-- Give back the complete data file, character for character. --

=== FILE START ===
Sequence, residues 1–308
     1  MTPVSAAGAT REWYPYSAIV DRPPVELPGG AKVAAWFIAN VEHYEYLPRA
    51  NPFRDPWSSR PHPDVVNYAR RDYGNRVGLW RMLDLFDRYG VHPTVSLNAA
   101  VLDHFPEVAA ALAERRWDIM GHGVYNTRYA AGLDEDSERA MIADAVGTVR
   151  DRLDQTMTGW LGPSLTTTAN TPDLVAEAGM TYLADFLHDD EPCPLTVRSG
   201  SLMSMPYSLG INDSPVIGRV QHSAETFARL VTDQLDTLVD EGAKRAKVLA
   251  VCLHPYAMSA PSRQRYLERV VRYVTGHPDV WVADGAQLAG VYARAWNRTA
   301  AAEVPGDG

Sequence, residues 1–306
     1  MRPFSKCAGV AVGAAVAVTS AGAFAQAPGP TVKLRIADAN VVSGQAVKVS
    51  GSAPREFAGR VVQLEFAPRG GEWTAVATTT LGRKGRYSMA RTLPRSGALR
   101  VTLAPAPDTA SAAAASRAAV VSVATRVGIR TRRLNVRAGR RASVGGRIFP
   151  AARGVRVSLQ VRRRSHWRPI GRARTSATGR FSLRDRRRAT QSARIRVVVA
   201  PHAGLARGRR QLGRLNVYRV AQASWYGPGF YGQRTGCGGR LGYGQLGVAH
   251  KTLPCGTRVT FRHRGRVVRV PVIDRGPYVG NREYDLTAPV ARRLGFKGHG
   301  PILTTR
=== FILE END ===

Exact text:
Sequence, residues 1–308
     1  MTPVSAAGAT REWYPYSAIV DRPPVELPGG AKVAAWFIAN VEHYEYLPRA
    51  NPFRDPWSSR PHPDVVNYAR RDYGNRVGLW RMLDLFDRYG VHPTVSLNAA
   101  VLDHFPEVAA ALAERRWDIM GHGVYNTRYA AGLDEDSERA MIADAVGTVR
   151  DRLDQTMTGW LGPSLTTTAN TPDLVAEAGM TYLADFLHDD EPCPLTVRSG
   201  SLMSMPYSLG INDSPVIGRV QHSAETFARL VTDQLDTLVD EGAKRAKVLA
   251  VCLHPYAMSA PSRQRYLERV VRYVTGHPDV WVADGAQLAG VYARAWNRTA
   301  AAEVPGDG

Sequence, residues 1–306
     1  MRPFSKCAGV AVGAAVAVTS AGAFAQAPGP TVKLRIADAN VVSGQAVKVS
    51  GSAPREFAGR VVQLEFAPRG GEWTAVATTT LGRKGRYSMA RTLPRSGALR
   101  VTLAPAPDTA SAAAASRAAV VSVATRVGIR TRRLNVRAGR RASVGGRIFP
   151  AARGVRVSLQ VRRRSHWRPI GRARTSATGR FSLRDRRRAT QSARIRVVVA
   201  PHAGLARGRR QLGRLNVYRV AQASWYGPGF YGQRTGCGGR LGYGQLGVAH
   251  KTLPCGTRVT FRHRGRVVRV PVIDRGPYVG NREYDLTAPV ARRLGFKGHG
   301  PILTTR